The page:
Van Buren backed Clinton's candidate, future vice president Daniel D. Tompkinsin the gubernatorial race and received for his efforts an appointment as Columbia County surrogate on March 20, The marriage was a happy one, notwithstanding the frequent absences imposed by the demands of Martin's career, but by the time their fifth son was born inHannah had contracted a fatal case of tuberculosis.
Van Buren was profoundly affected by her death in ; although much in demand as an escort and dinner companion, particularly during the years that he lived in Washington, he never remarried. Van Buren served as Columbia County surrogate from untilwhen he was elected to the New York senate. During the War ofhe was an avid supporter of the administration's war effort, offering legislation to facilitate mobilization of the state's defenses.
He opposed the Federalists' antiwar stance and broke with his mentor, De Witt Clinton, after learning that Clinton had solicited Federalist support for his presidential bid. InVan Buren became state attorney general and moved his family to Albany.
He held that office until and continued to serve in the state senate untildelegating his growing legal practice to his junior partner, Benjamin F. Van Buren soon emerged as the guiding force of the "Bucktail" faction, one of several groups jockeying for control of the New York Republican Party.
The Bucktails, opponents of De Witt Clinton who took their name from the distinctive plumes they affixed to their hats, rapidly gained in influence under Van Buren's tutelage. A Bucktail-controlled convention made major revisions in New York's constitution inexpanding the suffrage and curbing aristocratic influence, reforms that helped break De Witt Clinton's hold on the state Republican Party.
InVan Buren won election to the United States Senate, leaving behind a formidable political organization, popularly known as the "Albany Regency," that would manage the New York Republican Party—and through it, the state—while he was away. The Regency maintained rigid discipline, rewarding loyalty with patronage appointments and disciplining errant members. Although centered in Albany, the organization's control also extended to local political organizations and clubs.
Powerful as Van Buren's apparatus became, "It was not," one scholar of the period emphasizes, "so much the rewarding of partisans and the mass lopping off of rebellious heads that explained the Regency success as it was the skillful, highly judicious manner in which the power was exercised.
The "Little Magician" Once in Washington, Van Buren set about organizing the New York congressional delegation, a difficult undertaking in light of the fact that John Taylorthe unofficial dean of the delegation and Speaker of the House Representatives, was firmly in the Clinton camp. In an effort to curb Taylor's influence, Van Buren helped orchestrate the election of Virginia representative Philip Barbour as House Speaker during the 17th Congress, a narrow victory that increased his own influence while cementing his ties to Virginia Republicans.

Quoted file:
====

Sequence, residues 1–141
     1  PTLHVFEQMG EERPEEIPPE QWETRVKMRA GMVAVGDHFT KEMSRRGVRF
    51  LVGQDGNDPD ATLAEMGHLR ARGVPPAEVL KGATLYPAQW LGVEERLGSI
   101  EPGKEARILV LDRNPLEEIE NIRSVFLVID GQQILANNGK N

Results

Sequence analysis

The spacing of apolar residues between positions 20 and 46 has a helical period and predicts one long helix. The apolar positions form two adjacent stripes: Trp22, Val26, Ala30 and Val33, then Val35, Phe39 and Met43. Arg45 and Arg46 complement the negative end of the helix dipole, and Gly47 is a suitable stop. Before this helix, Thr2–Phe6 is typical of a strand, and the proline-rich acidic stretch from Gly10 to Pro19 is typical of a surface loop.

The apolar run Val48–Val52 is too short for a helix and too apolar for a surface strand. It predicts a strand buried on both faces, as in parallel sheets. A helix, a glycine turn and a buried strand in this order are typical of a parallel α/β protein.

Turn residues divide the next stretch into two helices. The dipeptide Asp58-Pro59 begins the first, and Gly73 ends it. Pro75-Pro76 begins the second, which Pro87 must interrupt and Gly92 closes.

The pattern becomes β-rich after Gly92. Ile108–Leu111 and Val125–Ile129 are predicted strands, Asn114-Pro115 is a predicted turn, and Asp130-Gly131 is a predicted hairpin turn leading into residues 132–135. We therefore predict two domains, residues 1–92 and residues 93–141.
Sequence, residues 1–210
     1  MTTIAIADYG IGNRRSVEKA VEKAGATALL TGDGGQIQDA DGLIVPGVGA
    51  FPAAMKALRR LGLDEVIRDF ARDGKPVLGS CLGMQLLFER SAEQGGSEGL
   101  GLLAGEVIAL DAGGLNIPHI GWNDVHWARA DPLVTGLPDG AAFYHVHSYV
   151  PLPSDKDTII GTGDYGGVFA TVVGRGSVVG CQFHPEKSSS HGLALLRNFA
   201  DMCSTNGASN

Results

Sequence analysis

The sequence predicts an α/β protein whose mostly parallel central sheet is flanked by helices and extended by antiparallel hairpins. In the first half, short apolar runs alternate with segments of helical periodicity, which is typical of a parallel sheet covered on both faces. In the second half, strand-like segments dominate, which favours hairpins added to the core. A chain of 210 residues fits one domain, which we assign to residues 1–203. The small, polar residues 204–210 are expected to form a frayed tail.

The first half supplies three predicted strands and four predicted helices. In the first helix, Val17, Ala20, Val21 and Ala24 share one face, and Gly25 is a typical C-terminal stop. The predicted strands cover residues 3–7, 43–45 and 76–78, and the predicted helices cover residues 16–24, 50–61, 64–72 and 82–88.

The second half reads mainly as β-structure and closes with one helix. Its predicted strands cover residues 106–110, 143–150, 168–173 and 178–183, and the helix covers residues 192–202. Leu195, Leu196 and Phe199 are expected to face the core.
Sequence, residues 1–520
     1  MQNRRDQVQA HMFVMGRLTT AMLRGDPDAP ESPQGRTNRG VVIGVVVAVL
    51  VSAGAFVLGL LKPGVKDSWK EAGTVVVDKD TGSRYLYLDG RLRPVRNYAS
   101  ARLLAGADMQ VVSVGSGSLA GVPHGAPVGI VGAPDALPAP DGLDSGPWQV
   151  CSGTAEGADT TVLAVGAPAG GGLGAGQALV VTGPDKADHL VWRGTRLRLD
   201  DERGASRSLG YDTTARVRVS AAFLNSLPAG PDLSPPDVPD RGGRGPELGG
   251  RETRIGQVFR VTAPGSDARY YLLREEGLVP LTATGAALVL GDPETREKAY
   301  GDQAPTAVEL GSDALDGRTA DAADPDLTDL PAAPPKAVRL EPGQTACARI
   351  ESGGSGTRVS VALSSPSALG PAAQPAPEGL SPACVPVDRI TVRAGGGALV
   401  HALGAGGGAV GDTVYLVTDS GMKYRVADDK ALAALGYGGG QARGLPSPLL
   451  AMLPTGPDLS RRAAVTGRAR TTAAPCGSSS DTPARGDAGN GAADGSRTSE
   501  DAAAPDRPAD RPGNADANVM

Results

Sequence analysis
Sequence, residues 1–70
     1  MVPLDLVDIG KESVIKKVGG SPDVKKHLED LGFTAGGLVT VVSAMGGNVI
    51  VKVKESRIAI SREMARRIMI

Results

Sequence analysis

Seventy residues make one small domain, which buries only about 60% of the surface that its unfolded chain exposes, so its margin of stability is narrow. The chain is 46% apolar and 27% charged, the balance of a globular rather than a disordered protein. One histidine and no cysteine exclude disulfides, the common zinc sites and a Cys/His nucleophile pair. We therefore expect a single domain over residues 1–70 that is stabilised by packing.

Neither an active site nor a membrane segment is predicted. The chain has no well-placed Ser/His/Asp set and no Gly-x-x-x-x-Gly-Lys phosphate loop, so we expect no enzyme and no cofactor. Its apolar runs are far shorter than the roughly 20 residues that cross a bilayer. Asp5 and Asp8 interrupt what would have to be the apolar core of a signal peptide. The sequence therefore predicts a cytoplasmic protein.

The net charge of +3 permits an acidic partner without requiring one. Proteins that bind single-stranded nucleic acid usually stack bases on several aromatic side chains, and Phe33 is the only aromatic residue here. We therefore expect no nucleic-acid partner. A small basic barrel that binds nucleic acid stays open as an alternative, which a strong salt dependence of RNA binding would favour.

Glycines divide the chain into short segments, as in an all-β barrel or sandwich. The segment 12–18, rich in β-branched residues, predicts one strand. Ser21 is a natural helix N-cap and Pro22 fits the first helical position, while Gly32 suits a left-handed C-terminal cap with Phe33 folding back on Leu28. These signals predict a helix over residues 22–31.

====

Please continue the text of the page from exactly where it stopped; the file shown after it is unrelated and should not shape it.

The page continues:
He tried but failed to block the appointment of a Federalist as postmaster of Albany, but his effort to derail the nomination, chronicled at length by the press, enhanced his reputation.
The two had a great deal in common: Crawford was a states' rights advocate, a strict constructionist, and—a consideration of overriding importance to Van Buren—a dedicated party man. But the Republican coalition was rapidly splintering, and many Republicans, calling for reform of the nominating process, refused to heed the will of the caucus. Four other candidates ultimately entered the race, all claiming membership in the party of Jefferson: Consumed by his single-minded effort to secure Crawford's election, even after his candidate became so seriously ill that he could neither see, hear, nor walk, Van Buren was bitterly disappointed when the House of Representatives elected Adams president.
After the election, Van Buren, as the new acknowledged leader of the "Crawford" Republicans, also known as "Radicals," kept his peace while others denounced the "corrupt bargain" with Henry Clay that many suspected had elevated Adams to the White House. He voted to confirm Clay as secretary of state, but he broke his silence after Adams outlined an ambitious domestic and foreign policy agenda in his first annual address. Van Buren particularly objected to the president's plan to send representatives to a conference of South and Central American delegates in Panama and enlisted the aid of Vice President John C.